Making the decision to homeschool

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The hardest thing about homeschooling was the decision to homeschool itself. This statement came from blogger Rebecca Beesley, who writes at The Beesley Buzz who took first step into the homeschooling world. Here she shares her story to be able to reassure others who are going through the same decision.

“But you’re not a qualified teacher! Are you even allowed to home-educate them?”
“Don’t you get fed up with having your children at home ALL the time?”
“Poor kids – do they get to socialise with anyone whilst being homeschooled?”

These are just a few of the questions I used to hear when I was home-educating my children. And in case you want to know the answers to the questions, it’s Yes, No, and Yes.

Home schooling, or home education as it is sometimes referred to, is gaining popularity in the UK. It is estimated that around 48,000 children in the UK are being home-educated and it is entirely legal to do so.

It was around this time of year, 7 years ago that we found ourselves having to make one of the hardest decisions we’ve had to make about our children. Our eldest, Joshua, had attended preschool with no particular problems – just a noticeable absence of playdates, party invites and Christmas cards. He then began reception year at school where we were soon told that because of our ‘poor parenting skills’ Joshua was not listening and was badly behaved at school.

We struggled through that year regularly meeting with the school and being told of the trouble our son had caused. By then we’d started to get a glimpse into Josh’s levels of intelligence. As he was our eldest we had no idea that it wasn’t the norm to be able to count well beyond the number 20 when you’re aged just 18 months old, nor that it was unusual to be able to add and takeaway whole strings of numbers in your head when you are just 3 years old. By the age of 4 he was doing multiplication. This wasn’t anything anyone had taught him, he’d just figured it out himself. Yet at school all we heard about were the problems and behaviour issues he was having.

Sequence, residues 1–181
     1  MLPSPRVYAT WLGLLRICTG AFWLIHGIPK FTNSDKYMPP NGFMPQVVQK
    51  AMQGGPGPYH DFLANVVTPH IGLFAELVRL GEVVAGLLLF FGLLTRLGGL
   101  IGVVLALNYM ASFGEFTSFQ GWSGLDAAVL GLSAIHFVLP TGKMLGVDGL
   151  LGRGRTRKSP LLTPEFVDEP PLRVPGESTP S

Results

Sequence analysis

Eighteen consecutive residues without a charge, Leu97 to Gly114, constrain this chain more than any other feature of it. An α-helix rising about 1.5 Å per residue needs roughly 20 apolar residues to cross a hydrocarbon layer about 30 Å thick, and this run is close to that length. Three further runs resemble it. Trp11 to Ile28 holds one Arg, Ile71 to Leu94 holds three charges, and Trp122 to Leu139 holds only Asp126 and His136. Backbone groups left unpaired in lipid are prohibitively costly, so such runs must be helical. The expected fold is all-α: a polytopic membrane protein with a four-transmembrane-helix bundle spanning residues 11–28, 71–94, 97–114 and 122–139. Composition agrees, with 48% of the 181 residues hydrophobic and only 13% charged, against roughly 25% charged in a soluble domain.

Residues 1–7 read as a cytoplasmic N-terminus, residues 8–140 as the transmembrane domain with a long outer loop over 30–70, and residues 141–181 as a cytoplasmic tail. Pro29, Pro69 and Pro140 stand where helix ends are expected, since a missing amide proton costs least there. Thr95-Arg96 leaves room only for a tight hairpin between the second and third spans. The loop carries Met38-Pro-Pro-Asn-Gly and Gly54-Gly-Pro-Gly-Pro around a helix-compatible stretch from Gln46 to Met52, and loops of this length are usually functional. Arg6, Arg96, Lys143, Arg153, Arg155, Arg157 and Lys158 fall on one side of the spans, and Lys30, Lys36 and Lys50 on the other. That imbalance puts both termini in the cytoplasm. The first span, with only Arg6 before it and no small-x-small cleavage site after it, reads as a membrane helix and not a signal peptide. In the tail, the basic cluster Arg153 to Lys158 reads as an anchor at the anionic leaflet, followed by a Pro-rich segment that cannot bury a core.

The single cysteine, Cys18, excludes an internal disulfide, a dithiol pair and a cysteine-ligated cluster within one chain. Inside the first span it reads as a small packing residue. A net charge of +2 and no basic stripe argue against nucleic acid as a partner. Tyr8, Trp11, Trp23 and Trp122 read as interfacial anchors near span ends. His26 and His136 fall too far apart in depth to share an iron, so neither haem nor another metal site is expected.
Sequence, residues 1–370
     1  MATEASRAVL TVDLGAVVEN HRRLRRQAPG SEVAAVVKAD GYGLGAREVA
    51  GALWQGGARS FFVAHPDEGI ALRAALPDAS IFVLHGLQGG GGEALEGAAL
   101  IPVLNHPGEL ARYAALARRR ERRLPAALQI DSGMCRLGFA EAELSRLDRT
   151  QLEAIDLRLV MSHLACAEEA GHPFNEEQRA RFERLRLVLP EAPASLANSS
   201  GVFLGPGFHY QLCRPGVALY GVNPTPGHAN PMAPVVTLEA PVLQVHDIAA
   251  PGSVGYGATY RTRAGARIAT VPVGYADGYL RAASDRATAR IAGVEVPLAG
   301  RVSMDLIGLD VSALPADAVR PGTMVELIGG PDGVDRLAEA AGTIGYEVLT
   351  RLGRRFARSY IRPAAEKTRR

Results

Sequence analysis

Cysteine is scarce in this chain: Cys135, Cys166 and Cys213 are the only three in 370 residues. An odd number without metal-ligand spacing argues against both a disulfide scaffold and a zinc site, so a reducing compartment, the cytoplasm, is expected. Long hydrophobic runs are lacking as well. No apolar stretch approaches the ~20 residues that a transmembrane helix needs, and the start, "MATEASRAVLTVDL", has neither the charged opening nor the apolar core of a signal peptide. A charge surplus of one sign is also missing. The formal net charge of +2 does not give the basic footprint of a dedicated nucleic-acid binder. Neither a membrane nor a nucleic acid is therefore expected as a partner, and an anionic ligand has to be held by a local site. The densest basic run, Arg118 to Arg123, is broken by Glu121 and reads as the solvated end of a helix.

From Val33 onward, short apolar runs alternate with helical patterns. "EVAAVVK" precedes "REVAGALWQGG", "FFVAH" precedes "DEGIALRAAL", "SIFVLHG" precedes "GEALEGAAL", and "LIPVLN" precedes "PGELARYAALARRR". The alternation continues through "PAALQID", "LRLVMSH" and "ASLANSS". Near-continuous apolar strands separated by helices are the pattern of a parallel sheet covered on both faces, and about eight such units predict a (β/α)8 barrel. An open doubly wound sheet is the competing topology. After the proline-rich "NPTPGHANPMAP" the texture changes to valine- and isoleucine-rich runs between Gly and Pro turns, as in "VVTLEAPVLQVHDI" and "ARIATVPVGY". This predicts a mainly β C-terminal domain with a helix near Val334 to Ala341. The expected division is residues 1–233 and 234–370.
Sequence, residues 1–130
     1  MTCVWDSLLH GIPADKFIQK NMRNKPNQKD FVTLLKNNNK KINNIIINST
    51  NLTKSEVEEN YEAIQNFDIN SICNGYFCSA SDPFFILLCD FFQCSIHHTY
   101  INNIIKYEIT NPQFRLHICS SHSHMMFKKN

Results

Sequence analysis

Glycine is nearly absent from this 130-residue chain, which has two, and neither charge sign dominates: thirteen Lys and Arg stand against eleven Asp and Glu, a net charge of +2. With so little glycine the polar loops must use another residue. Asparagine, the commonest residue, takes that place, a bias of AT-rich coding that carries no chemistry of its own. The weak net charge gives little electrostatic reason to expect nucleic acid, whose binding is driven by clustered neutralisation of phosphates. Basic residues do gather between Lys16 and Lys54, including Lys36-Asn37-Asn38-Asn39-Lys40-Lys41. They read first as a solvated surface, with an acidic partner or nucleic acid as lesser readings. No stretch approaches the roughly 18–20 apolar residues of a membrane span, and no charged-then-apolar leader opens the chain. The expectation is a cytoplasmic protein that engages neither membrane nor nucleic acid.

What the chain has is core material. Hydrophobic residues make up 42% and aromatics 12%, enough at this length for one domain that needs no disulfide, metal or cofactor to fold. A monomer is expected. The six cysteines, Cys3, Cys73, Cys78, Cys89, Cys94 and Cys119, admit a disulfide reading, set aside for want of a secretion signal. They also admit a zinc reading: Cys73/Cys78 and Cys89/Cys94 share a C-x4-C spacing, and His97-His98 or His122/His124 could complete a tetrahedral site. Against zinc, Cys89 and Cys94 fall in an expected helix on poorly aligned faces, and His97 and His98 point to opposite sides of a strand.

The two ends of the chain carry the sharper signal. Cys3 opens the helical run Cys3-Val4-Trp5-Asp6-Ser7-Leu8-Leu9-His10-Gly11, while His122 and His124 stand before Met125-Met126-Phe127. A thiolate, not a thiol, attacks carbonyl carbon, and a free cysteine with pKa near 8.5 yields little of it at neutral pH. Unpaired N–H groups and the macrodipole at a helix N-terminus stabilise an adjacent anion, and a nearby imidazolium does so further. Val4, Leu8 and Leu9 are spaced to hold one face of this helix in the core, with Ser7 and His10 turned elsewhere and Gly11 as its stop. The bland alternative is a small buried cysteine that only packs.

This just didn’t add up. Although at home his behaviour was challenging, it could be managed with appropriate strategies and techniques. Yet at school, those we trusted to be more experienced and knowledgeable were unable to support him. So we went down the route of diagnosis to see if there could be a medical explanation for this. Joshua was diagnosed with Aspergers Syndrome – an Autistic Spectrum Disorder – along with Sensory issues (Sensory Processing Disorder).

We felt such relief. Now we could put things right. It may have taken over a year of struggling in the education system but finally with a diagnosis we hoped that his school could now enable him to reach his academic potential. Sadly, we were wrong. Things didn’t improve at school.

We tried a change of school and to cut a long story short, things went from bad to worse.

Enough was enough. We knew we couldn’t carry on like this. Our 5 year old son was coming home from school stressed and distraught every single day. We would be called over to see the teacher at the end of the school day to be told of all his bad behaviour – right in front of him! That goes against everything I’ve ever learnt about positive behaviour management.

And yet what choice did we have. The school had applied for, and failed to get, a statement of special needs (now known as an EHCP) and without it he wouldn’t be entitled to apply to attend a school with specialist provision. A change of school to another mainstream school also felt like the wrong choice as how many times can a kid be moved school to school without it impacting on his wellbeing.

We knew the only ‘choice’ we were left with was home-education. And yet it felt such a big and scary choice to make. Were we doing the right thing? We’d had our confidence as parents ripped away from us with the school blaming us for ‘poor parenting’ causing our son’s behaviour. As he was such an intelligent child, would we be putting his entire future in jeopardy? What did we know about teaching, or the education curriculum, or what they should be learning in each key stage?

All these worries and more were flying through our minds. And yet we knew there was no other choice.